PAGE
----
Keep listening to Mark Knopfler and Bob Dylan which will help immensely! :-)

 
gardener
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There was a time I wrote for fun and for love (short stories, poetry, novels) but nowadays I write for money. It is my full time job, and the difference is night and day.
My contribution is therefore a bit more about logistics than ideas/agent/etc.

Back in the day when it was for fun, I journaled and made sure to write every day even when I wasn't feeling it. I hand wrote and typed both.
Today, working 40+ hours a week writing, it is more like a well-oiled machine. I don't have the artistic challenge of searching for inspiration and ideas I had in the past, as I work exclusively with nonfiction now and often it is rewriting a text that is already there (translation), but it is still a creative endeavor and I need to take good care of my brain or else the machine grinds to a halt.

Thanks to getting old, hand writing is one of the more painful things I can do. I like to save my hand strength for kitchen and garden work, so I type. In any case, the volumes I work with mean there is no question my life is digital (although when I started as a translator, I was using pencils and paper, I do remember). My setup is EXTREMELY ergonomical. I invest lots in my computers and in my software, as this is my work and I want to be as efficient as possible.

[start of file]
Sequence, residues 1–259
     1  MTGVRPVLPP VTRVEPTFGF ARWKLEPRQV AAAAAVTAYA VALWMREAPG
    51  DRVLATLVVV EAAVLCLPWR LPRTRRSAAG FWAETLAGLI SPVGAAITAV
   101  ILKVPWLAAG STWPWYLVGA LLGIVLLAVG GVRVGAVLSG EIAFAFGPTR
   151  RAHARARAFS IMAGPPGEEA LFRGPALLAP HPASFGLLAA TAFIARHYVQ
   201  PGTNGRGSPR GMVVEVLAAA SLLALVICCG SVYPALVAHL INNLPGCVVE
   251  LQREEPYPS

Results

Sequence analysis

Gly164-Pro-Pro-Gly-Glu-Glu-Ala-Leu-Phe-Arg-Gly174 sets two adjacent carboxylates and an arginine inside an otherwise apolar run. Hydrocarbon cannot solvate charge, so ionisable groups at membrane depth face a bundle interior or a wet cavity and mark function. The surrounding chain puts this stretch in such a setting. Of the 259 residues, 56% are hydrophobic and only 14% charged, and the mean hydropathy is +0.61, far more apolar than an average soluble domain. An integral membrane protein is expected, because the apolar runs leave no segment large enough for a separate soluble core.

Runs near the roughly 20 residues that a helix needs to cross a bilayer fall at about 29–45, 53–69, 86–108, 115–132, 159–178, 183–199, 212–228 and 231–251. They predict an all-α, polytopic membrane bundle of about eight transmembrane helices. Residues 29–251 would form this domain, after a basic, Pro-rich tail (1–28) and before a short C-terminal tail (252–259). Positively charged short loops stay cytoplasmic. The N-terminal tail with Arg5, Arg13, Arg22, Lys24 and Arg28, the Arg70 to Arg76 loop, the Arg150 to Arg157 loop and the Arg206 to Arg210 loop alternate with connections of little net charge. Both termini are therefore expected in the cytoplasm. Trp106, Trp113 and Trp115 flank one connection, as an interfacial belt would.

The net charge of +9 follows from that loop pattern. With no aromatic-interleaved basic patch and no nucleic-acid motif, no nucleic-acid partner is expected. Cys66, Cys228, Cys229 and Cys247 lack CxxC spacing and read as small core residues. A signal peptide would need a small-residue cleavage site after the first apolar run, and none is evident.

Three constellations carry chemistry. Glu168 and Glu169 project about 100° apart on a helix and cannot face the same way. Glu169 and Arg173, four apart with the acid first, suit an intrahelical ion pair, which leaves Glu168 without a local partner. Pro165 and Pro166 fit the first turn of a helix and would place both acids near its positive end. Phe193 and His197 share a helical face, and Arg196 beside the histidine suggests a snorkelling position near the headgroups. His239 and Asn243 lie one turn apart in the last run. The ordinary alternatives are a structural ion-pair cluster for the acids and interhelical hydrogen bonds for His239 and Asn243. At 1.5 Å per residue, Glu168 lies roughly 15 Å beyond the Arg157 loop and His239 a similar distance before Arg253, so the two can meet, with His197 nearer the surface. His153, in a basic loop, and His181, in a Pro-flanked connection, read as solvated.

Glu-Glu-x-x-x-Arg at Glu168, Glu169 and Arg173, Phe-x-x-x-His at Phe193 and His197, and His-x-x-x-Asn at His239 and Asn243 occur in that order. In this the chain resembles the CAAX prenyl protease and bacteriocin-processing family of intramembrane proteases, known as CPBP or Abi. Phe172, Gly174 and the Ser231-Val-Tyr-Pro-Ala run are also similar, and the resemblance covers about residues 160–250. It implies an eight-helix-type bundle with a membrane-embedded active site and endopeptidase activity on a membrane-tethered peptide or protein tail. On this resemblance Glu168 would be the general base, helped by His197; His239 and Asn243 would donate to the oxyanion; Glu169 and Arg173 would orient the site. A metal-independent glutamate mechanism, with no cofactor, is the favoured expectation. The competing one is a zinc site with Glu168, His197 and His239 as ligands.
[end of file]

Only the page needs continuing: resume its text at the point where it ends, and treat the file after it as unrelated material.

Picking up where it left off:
I have to know myself to know when I have the best ideas and when I am better at doing donkey work. Early in the morning, pre-breakfast, I write the best. I save the most creative work for then. I am great at editing later on, having a clear eye for slicing, dicing, and rewriting. I schedule nothing besides work in the morning, and in the afternoons, when my attention isn't that great, I don't push myself to work. You may be more creative at night. It's worth exploring.

I also schedule in rest and refreshment. You can't work when your brain is not feeling it. Green to look at, a garden to walk in, physical work to clean out all the icky ideas clogging up your head. I do pilates classes and schedule regular exercise, because I need to keep my arms and hands healthy, but it is a great mental focus exercise as well.

Lastly, music is really important for me to get work done. I listen to a wide range of stuff depending on my mood, my tasks, the pace I need. I have a lot of background noise here in the 'burbs that needs drowning out, and music is delightful so why not.